In the spatial domains of urban geographies, historically, urban forms are resultant extensions of people’s way of life, and hence the growth of organic cities. The grid system as an underlying structure of urban form has been visible since antiquity but manifests itself assertively as a planning tool with colonization and subsequent modernist planning approach.

The grid is a planning paradigm, and the laying of geometry over geography is one of the most explicit expressions of human intervention, sculpting cities. The critique of this system marks the planning paradigm to be a gruesome way of treating the landscape, rationalizing a totalitarian approach, and manifesting an ungodly form, along with deliberations on its aesthetic shortcomings.

10 Benefits of the grid system in urban design
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Well, with strong criticism and resentment (that most designers connotate), one ought to fairly weigh the merits and demerits and look at the subsequent application of this system in the urban realm with appropriation in context.

Below listed are ten benefits of the grid system in urban design.

1. Idea of Democracy and an Egalitarian approach

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The checkerboard plan of the city of Miletus (Hippodamia) was designed by Hippodamos in the fifth century BC. ©quadralectics.wordpress.com
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The grid-plan of the Urartian town of Zernaki Tepe, east of the Van Lake in Turkey (Armenia) might be an eight century BC predecessor of similar (Greek-Ionian) towns built in Asia Minor in the fourth century BC. Other researchers identified the town as a Roman settlement from the first or second century AD. ©quadralectics.wordpress.com

Urban grid is believed to be originated and associated with the idea of democracy, representing an egalitarian system of land resource distribution. With equal division of land, which had administrative advantages along with systematic and controlled growth, the grid design was a ‘natural’ result of the Greek beliefs and ideologies into practice.

While, grid patterns were visible even in the ancient civilizations like Harappa and Mohenjo-Daro, the Hippodamian grid in Hellenistic planning brought it to primacy, which became replicated across different space and time. Spiro Kostof (1991, p. 100) questioned the statement that the urban grid represented an egalitarian system of land distribution.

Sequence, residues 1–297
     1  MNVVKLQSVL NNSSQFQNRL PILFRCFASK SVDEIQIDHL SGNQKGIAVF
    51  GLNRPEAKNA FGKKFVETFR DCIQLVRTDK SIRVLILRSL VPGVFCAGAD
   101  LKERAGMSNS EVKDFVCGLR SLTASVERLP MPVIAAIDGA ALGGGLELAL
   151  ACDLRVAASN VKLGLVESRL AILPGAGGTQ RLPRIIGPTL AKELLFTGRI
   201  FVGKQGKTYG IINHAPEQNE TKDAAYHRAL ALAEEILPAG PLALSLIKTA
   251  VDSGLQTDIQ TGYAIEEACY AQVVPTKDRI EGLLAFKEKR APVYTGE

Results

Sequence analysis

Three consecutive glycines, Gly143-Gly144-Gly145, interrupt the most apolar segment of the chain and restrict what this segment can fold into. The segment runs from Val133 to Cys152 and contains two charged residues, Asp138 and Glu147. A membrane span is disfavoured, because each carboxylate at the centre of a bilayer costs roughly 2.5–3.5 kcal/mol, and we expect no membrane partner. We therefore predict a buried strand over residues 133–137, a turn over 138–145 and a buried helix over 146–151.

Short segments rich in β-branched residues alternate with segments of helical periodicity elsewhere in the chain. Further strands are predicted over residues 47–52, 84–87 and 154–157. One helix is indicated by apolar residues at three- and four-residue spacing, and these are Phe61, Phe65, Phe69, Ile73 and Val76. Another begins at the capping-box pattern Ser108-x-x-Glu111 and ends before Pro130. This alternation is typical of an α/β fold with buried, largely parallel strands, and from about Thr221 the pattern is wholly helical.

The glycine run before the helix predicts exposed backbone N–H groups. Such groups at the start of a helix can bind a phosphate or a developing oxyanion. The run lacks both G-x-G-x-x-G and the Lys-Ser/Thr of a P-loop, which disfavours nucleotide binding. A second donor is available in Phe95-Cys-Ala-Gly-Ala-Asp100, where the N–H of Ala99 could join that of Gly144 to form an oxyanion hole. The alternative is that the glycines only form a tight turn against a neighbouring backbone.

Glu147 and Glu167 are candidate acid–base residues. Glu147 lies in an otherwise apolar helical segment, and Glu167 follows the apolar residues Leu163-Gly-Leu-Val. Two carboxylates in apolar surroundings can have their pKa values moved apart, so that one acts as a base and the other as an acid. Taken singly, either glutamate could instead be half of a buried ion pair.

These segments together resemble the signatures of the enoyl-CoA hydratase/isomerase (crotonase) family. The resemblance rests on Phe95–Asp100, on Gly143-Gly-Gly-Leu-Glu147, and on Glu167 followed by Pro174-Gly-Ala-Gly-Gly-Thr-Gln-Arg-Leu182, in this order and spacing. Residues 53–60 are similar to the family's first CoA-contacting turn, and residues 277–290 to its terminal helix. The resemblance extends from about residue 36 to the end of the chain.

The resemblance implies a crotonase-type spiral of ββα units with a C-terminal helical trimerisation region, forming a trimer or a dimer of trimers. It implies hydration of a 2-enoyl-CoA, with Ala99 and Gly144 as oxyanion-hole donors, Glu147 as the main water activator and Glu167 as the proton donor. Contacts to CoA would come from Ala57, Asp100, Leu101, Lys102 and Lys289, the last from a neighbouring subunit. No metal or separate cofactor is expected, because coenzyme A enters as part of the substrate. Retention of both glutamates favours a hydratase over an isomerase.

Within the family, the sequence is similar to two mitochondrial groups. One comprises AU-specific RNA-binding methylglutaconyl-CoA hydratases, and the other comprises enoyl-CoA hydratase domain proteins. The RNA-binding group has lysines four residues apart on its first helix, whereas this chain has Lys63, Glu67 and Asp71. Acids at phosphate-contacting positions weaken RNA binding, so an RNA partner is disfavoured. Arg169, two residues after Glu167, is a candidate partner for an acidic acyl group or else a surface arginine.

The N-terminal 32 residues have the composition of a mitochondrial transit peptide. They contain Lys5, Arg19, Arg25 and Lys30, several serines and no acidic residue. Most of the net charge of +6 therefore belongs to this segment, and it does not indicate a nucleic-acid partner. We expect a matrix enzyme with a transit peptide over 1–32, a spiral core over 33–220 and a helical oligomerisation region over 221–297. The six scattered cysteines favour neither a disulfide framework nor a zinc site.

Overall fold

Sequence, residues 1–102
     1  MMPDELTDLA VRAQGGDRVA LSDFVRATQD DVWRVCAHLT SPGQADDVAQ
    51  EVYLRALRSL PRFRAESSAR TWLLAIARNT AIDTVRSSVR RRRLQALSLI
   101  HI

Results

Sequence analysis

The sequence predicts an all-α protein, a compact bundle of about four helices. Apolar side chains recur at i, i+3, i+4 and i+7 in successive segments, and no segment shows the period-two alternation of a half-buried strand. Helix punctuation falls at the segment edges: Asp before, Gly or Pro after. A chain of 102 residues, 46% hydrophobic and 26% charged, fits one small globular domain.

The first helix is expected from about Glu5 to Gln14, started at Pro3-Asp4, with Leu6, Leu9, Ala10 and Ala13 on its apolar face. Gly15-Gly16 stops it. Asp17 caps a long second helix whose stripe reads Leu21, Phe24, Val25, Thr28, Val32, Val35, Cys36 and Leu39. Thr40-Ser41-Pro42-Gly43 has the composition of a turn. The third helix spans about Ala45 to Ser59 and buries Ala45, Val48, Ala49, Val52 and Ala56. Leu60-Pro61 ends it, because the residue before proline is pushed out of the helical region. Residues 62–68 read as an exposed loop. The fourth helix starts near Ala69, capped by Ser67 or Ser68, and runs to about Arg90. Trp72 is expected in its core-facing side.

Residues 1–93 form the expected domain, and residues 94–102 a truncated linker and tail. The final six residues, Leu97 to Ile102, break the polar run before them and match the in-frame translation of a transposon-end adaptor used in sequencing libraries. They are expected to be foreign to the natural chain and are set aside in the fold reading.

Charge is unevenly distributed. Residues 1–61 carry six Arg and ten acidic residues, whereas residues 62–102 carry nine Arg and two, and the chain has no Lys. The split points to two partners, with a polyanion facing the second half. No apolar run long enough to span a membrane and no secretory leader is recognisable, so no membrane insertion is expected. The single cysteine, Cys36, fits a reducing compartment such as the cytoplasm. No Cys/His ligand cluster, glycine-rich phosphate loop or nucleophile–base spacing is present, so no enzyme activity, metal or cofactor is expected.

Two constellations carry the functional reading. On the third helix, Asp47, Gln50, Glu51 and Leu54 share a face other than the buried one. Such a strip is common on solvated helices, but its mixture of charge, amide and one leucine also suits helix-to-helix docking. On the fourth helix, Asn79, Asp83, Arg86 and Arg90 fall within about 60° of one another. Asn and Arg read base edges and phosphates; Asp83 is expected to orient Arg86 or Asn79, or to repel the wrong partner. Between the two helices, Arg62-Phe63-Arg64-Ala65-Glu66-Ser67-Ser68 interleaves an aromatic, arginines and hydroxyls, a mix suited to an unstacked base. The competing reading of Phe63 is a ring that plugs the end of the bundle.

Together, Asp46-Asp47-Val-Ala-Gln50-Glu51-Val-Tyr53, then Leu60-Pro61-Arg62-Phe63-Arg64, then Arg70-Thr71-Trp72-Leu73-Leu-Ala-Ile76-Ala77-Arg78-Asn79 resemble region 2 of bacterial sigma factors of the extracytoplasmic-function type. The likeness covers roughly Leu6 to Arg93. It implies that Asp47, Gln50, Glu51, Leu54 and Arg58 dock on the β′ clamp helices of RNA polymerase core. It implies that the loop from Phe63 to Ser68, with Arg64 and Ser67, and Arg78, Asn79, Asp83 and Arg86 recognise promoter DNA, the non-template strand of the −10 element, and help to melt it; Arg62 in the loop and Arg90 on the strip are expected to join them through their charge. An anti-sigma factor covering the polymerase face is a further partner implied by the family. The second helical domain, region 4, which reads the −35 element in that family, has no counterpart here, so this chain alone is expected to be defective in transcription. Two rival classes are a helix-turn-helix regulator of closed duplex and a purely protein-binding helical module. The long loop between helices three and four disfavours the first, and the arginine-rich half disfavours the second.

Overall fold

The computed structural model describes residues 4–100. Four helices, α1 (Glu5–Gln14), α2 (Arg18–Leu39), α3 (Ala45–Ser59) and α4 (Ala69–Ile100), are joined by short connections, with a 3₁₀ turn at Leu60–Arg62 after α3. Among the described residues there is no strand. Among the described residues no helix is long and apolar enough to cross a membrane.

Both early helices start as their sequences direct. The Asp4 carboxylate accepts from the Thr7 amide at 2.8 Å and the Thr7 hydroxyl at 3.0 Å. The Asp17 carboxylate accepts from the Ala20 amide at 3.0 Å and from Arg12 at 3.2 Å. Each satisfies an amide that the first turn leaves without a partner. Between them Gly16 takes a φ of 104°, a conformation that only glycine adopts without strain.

However, once the lots had been sold the social mechanisms of individual wealth destroyed any type of egalitarianism and ‘what matters in the long run is not the mystique of grid geometry, but the luck of first ownership’. (Kuilman, 2013)

2. Regularization of Real estate

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While the grid planning has environmental demerits if not appropriated according to context, the planning allows for real estate regularization in the city and democratic approach to land parcelization. The orthogonal geometry has an inherent merit of yielding regular plots of land in well packed sequences, which helps in maximization of land use of blocks and minimal conflicts over street fronts and boundaries.

The Manhattan grid is a prime example of facilitating the idea of buying, selling and speculating real estate trends.

3. Urban Infrastructure

Urban Infrastructure
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Urban Infrastructure is attributed to being the undercurrent or the pulse of the city, which sustains and keeps the urban realm thriving. The grid layout provides for an easy and orderly layout of the services in the city, whereby provision and maintenance is ensured. In the ancient civilization of Harappa and Mohenjo-Daro, it is this very grid iron layout that facilitated the street hygiene and services provision.

4. Availability of Options: Multiplicity

Availability of Options: Multiplicity
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A Cartesian grid as a street pattern provides interconnectedness, something that makes most urbanists nostalgic and vulnerable to the idea of its adoption. With its innate quality of being comprehensible, there is a possibility of availing multiple routes to any destination. Dispersion of movement (vehicular and pedestrian) is possible as almost all streets are the same, with no rigid hierarchical constructs.

5. Fostering pedestrian movement (if appropriated)

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Frequent Intersections hamper car movement ©medium.com
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The grid layout is criticized for its facilitation of ‘transport-oriented urbanism’ and ‘design of cities for cars’, while not being pedestrian-oriented. While the grid pattern strongly does make navigation easy, it’s two innate resultants, frequent and regular intersections and the orthogonal geometry does assist pedestrian movement.

Pro-grid urbanists emphasize that these frequent intersections create an unwarranted situation for vehicular users, and create a situation of enhancing pedestrian use of streets facilitated by efficient public transport as a strong advantage of the grid layout.